To identify the factors underlying the recent increase in maternal mortality ratios (maternal deaths per 100,000 live births) in the United States.
We carried out a retrospective study with data on maternal deaths and live births in the United States from 1993 to 2014 obtained from the birth and death files of the Centers for Disease Control and Prevention. Underlying causes of death were examined between 1999 and 2014 using International Classification of Diseases, 10th Revision (ICD-10) codes. Poisson regression was used to estimate maternal mortality rate ratios (RRs) and 95% confidence intervals (CIs) after adjusting for the introduction of a separate pregnancy question and the standard pregnancy checkbox on death certificates and adoption of ICD-10.
Maternal mortality ratios increased from 7.55 in 1993, to 9.88 in 1999, and to 21.5 per 100,000 live births in 2014 (RR 2014 compared with 1993 2.84, 95% CI 2.49–3.24; RR 2014 compared with 1999 2.17, 95% CI 1.93–2.45). The increase in maternal deaths from 1999 to 2014 was mainly the result of increases in maternal deaths associated with two new ICD-10 codes (O26.8, ie, primarily renal disease; and O99, ie, other maternal diseases classifiable elsewhere); exclusion of such deaths abolished the increase in mortality (RR 1.09, 95% CI 0.94–1.27). Regression adjustment for improvements in surveillance also abolished the temporal increase in maternal mortality ratios (adjusted maternal mortality ratios 7.55 in 1993, 8.00 per 100,000 live births in 2013; adjusted RR 2013 compared with 1993 1.06, 95% CI 0.90–1.25).
Recent increases in maternal mortality ratios in the United States are likely an artifact of improvements in surveillance and highlight past underestimation of maternal death. Complete ascertainment of maternal death in populations remains a challenge even in countries with good systems for civil registration and vital statistics.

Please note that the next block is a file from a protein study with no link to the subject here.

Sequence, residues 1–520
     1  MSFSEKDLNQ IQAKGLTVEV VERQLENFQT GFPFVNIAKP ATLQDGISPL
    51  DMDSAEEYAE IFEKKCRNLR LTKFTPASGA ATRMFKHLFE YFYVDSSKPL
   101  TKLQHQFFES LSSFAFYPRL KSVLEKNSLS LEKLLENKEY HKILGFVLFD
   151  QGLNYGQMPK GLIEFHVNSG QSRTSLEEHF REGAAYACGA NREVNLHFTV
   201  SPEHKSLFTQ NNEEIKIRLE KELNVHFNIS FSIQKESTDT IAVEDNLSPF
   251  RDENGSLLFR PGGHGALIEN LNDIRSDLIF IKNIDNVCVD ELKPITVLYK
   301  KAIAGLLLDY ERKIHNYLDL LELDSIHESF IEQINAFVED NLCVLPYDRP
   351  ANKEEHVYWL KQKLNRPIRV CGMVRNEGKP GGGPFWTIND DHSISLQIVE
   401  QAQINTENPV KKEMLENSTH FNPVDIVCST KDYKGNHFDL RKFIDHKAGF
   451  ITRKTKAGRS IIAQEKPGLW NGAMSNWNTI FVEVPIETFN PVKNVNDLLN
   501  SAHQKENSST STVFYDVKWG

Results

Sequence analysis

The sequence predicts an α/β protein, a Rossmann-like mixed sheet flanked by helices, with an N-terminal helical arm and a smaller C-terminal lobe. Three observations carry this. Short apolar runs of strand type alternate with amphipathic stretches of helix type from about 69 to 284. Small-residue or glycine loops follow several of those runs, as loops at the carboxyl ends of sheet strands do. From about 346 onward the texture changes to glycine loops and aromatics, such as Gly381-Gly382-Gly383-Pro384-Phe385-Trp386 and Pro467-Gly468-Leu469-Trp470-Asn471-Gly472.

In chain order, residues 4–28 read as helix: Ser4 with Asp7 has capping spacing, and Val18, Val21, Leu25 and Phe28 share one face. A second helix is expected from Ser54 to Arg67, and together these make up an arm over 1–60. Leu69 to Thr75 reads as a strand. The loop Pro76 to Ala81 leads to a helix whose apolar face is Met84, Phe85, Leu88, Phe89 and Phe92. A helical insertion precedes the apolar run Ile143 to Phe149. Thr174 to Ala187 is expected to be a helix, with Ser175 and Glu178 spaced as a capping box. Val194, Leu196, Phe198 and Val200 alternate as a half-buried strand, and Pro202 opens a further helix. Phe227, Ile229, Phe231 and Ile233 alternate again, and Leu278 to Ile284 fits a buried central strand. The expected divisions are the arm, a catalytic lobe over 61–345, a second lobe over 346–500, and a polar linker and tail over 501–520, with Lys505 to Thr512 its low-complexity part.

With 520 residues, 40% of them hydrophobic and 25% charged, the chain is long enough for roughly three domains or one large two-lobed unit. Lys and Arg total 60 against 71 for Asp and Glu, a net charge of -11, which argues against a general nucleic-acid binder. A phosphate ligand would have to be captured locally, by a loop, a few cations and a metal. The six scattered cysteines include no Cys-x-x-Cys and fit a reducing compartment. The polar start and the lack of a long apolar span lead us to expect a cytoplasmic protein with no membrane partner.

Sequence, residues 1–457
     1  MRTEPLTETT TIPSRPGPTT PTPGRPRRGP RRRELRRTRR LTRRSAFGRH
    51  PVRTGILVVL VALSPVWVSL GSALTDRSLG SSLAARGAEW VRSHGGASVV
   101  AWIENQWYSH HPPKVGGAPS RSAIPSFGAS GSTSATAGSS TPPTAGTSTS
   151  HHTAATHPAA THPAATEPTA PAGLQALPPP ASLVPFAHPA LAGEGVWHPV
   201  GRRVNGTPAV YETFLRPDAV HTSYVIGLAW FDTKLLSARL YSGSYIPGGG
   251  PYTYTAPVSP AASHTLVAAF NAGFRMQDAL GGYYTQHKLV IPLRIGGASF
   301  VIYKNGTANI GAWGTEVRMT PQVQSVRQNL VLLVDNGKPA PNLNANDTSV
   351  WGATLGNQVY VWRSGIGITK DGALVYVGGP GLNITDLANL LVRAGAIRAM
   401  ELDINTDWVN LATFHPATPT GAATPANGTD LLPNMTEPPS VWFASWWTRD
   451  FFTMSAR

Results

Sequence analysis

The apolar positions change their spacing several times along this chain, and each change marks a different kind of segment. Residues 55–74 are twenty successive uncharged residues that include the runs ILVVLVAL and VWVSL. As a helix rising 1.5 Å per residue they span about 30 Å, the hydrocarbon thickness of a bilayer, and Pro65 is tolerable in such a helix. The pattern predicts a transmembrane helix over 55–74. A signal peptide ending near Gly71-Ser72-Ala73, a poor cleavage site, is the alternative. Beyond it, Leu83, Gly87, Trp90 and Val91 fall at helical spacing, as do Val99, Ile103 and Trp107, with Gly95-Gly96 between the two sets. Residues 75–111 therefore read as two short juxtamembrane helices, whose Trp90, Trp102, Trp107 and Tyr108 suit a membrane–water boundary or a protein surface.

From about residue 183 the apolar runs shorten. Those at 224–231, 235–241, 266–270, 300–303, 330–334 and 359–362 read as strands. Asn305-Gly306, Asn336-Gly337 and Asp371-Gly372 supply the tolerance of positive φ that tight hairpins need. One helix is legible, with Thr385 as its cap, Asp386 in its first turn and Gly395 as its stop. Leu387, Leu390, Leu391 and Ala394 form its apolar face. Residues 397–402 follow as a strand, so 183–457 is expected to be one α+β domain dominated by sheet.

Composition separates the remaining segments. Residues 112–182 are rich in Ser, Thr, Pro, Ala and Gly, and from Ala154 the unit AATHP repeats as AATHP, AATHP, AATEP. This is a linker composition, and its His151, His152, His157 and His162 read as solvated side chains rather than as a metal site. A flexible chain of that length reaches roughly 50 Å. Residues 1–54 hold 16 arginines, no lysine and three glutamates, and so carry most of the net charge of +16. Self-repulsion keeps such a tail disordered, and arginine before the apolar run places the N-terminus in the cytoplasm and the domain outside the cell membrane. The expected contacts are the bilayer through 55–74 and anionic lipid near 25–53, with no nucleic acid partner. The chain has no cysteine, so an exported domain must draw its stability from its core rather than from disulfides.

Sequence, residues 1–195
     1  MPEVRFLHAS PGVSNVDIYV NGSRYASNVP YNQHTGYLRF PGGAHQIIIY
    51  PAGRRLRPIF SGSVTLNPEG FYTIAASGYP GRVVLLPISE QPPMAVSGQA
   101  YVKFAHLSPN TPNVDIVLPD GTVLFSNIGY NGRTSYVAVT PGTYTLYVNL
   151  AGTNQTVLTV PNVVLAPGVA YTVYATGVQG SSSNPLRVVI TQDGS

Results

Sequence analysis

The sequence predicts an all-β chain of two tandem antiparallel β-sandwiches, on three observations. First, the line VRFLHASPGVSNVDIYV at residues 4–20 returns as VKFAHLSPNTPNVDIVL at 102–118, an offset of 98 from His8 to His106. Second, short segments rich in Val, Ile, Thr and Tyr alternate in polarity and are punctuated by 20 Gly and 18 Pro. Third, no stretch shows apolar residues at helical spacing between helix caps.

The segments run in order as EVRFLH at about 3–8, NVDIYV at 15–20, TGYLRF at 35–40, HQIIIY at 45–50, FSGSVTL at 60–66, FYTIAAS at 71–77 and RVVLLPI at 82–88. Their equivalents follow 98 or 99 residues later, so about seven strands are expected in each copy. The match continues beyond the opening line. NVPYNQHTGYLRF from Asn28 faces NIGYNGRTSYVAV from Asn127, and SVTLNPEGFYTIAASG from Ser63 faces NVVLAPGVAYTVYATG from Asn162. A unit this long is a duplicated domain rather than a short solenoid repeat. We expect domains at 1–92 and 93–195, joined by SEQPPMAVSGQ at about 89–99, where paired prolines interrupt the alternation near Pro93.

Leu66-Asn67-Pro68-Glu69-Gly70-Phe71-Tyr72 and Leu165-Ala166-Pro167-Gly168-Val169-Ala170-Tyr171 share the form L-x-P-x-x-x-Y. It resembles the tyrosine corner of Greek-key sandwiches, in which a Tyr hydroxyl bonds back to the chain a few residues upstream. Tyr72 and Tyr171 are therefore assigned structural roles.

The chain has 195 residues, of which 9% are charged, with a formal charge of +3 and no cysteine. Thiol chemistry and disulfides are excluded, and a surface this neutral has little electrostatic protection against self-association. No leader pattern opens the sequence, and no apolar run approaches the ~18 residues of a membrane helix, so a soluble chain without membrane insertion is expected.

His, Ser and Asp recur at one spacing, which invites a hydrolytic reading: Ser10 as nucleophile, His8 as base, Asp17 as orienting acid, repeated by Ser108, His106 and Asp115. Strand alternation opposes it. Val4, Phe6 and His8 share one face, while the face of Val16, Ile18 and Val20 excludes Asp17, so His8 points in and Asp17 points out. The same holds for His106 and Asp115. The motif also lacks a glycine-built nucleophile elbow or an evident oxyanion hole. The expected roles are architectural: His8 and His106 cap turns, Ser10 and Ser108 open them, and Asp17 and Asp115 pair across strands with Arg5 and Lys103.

Supplemental Digital Content is Available in the Text.Recent increases in maternal mortality ratios in the United States are likely an artifact of improvements in surveillance.
Department of Obstetrics and Gynaecology and the School of Population and Public Health, University of British Columbia, and the Children's and Women's Hospital and Health Centre of British Columbia, Vancouver, British Columbia, Canada; the Department of Obstetrics and Gynaecology, College of Medicine, King Saud University, Riyadh, Saudi Arabia; the Department of Epidemiology, Biostatistics and Occupational Health, McGill University, Montréal, Québec, Canada; and the Epidemiology Branch, Division of Intramural Population Health Research, Eunice Kennedy Shriver National Institute of Child Health and Human Development, National Institutes of Health, Bethesda, Maryland.
Corresponding author: K. S. Joseph, MD, PhD, Department of Obstetrics and Gynaecology, Women's Hospital of British Columbia, Room C403, 4500 Oak Street, Vancouver, BC V6H 3N1, Canada; email: email@example.com.
Ms. Muraca is the recipient of a Vanier Canada Graduate Scholarship and is also supported by a Canadian Institutes of Health Research (CIHR) grant on severe maternal morbidity (MAH-15445). Dr. Joseph is supported by the British Columbia Children's Hospital Research Institute and holds a CIHR Chair in maternal, fetal, and infant health services research (APR-126338).
Each author has indicated that he or she has met the journal's requirements for authorship.
Financial Disclosure The authors did not report any potential conflicts of interest.